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Perennials/Oakleaf Hydrangea



I know you're not the expert on shrubs, but there is no expert for shrubs on this website, and the two tree experts are on vacation.  I thought you might be able to give me some advice on oakleaf hydrangeas in Kansas, since you used to or currently live here.  Do oakleaf hydrangeas, particularly 'Snow Queen' and 'Ruby Slippers' grow and flower well in Kansas?  I was most concerned about the cold weather and a late freeze nipping the flowering buds.  Would there be any chance of that happening here in my zone 6b?  Please tell me what you know about growing oakleaf hydrangeas in Kansas.

Thank you
Tim Elliott

Thanx for your question.  A friend of mine just moved back to Kansas City recently and I would go out to visit her in Manhattan.  She had some beautiful oakleafs in her front yard and they bloomed and were quite lush.

I have seen the oak leaf do quite well here in the Kansas City area on both sides of the state line.  We are in/or on the edge of Zone 6a.  I think for areas in Central and Western Kansas which are much drier than the Eastern 1/3 of Kansas, you'll want to ensure that you appropiately hydrate your oakleaf once a week with a good soaking during the hot, dry months of July and August.  Additionally, soil is much more alkaline and you may want to amend with smoe well-composted manure in the spring and mid-summer to make sure there are plenty of organic materials in the soil around the plant.  I would also plant the shrub in an area that is not exposed to direct sun for more than 6 or 8 hours.  The ones I've seen in the Kansas City are were all planted on the north side of buildings/houses or were given shade in the afternoon by surround ing trees.  The shrub in Manhattan was planted in a north-facing direction and sheltered by tall trees growing up and down the street.  I think the key is plenty of hydration, soil amendment and shade in the afternoon.

I hope this helps.

---------- FOLLOW-UP ----------

QUESTION: Thanks, Tom.  You are always very helpful, and that is very good advice and exactly what I was hoping to hear.   I will be planting my oakleaf hydrangeas on the north side of my house.  They will be replacing my hostas, which do fine in the spring and early summer but tend to scorch and burn in mid to late summer.  
Also, I have heard that a late freeze can nip the flowering buds on hydrangeas.  The only thing that I was curious about was when the flower buds become vulnerable to a freeze.  I know that oakleaf hydrangea produce flowers on old wood, so the flower buds begin to set on the branches around August – September.  Obviously those buds aren’t vulnerable to a freeze yet, otherwise they wouldn’t make it through the winter.  So exactly when would I need to cover up the oakleaf hydrangea plants to protect them from a late freeze?  Would the flower buds be vulnerable to a late freeze March, April, or May?  Please let me know what you can tell me about this?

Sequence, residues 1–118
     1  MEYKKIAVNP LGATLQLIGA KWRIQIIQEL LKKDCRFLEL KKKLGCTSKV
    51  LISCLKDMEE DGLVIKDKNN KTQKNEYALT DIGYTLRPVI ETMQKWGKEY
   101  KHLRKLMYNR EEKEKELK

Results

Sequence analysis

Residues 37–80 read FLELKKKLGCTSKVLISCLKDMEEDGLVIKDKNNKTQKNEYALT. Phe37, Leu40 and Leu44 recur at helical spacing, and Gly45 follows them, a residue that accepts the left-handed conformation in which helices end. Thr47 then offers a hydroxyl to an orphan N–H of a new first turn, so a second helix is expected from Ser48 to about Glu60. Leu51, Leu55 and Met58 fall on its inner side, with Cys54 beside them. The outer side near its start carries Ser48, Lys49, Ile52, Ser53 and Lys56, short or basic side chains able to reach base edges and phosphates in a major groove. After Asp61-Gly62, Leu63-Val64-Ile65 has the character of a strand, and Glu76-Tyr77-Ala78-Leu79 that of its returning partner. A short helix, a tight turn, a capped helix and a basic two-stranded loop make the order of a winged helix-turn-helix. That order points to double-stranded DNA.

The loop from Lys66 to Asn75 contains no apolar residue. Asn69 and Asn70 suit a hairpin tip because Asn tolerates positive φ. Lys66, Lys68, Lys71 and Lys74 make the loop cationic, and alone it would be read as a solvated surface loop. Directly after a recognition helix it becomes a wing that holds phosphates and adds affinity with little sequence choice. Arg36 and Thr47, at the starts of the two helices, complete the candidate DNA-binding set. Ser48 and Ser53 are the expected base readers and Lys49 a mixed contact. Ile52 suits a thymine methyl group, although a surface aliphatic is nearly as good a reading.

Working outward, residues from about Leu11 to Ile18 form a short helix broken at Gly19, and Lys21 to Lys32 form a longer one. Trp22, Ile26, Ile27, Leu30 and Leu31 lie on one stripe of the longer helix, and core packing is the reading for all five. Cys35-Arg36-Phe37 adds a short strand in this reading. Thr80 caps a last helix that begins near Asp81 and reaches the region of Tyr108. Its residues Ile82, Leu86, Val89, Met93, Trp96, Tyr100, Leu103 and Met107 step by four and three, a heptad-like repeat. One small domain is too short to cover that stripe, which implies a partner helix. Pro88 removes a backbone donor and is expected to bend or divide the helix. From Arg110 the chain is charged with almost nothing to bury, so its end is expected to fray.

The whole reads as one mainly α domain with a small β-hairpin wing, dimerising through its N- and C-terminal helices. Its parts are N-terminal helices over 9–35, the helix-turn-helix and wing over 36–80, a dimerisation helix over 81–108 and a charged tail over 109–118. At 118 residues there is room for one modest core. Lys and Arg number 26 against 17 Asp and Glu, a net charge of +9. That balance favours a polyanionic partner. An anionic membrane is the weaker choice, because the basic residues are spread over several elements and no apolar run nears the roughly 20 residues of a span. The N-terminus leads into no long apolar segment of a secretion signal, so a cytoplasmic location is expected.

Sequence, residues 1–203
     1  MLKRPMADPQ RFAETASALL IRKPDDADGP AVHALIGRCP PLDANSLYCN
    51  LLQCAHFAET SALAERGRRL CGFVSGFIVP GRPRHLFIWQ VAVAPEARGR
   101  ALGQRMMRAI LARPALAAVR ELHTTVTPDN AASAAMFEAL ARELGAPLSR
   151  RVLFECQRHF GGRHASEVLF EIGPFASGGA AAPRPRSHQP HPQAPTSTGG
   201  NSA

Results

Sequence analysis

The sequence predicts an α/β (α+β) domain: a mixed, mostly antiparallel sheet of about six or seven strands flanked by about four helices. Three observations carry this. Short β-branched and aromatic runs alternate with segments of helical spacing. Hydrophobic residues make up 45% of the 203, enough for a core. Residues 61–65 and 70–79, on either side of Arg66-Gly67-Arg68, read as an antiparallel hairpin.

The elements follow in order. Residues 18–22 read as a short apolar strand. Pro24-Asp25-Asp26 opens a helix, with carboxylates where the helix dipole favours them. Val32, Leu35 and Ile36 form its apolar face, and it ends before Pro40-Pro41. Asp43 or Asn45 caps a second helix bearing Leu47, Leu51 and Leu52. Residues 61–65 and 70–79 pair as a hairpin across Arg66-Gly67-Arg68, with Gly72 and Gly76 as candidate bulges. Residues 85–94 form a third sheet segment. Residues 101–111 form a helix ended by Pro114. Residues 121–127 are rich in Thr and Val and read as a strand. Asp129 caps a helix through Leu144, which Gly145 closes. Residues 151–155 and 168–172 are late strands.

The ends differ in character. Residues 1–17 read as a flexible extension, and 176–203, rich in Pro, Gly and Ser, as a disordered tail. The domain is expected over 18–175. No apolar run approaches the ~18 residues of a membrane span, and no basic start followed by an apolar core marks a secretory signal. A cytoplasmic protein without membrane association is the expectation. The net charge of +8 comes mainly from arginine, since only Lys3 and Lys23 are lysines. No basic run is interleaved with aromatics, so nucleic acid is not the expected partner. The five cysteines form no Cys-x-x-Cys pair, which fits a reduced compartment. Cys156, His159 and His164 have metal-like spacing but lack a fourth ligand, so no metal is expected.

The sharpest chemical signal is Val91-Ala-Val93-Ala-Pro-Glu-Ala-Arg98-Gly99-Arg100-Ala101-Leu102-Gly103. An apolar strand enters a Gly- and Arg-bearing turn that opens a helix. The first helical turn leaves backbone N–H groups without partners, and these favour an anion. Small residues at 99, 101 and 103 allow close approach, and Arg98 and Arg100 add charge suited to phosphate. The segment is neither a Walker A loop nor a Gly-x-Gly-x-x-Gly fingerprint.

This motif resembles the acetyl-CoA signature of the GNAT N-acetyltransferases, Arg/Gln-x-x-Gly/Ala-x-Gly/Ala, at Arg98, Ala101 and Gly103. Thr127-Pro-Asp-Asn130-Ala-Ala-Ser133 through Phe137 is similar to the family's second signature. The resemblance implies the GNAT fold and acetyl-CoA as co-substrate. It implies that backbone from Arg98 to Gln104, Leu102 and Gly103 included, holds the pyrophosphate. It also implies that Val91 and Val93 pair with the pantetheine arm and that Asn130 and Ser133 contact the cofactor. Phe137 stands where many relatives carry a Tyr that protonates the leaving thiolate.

Hey Tim,
Sorry I took so long to get back to you.  I must have missed a notification from Allexperts.  The oakleaf is the only hydrangea native to the US as far as I know.  It's a pretty tough customer and frankly, I'm surprised I don't see more of them here in the Kansas City area.  I've never seen anyone cover them and they seem to bloom quite nicely every year.  The less hardy hydrangeas seem to be susceptible to the late freezes in April.  So, I'd keep a close eye on the weather forecasts from say March 20 to late April and then throw a sheet over the shrub as needed.  Don't use plastic or something else that doesn't breathe.  An old cotton sheet seems to be the best way to go.  I hope this helps.


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Tom Alonzo


I have been a gardener for 20 years with perennials both growing from seed and from nurseries. I went through the Master Gardener Program from Kansas State University Cooperative Extension Service and I answered questions on the Hotline a few years ago for the Wyandotte County Kansas Extension Service. I have also lived in the Florida, California, Hawaii, Arizona, Texas, Kansas and Missouri and am experienced with a variety of climates, soils and weather conditions.


I have been growing perennials for over 20 years now. I am self-taught mostly except for a master gardener class. I have experimented with all kinds of perennials including many that are not common to my area. I have read hundreds of books and grown hundreds of varieties of plants and hope to make it a business some day. I have become versed in botanical names and growing conditions and what I don't know off of the top of my head I can usually easily find in my vast array of research material and botanical and horticultural contacts. I especially enjoy experimenting with growing plants out of zone.

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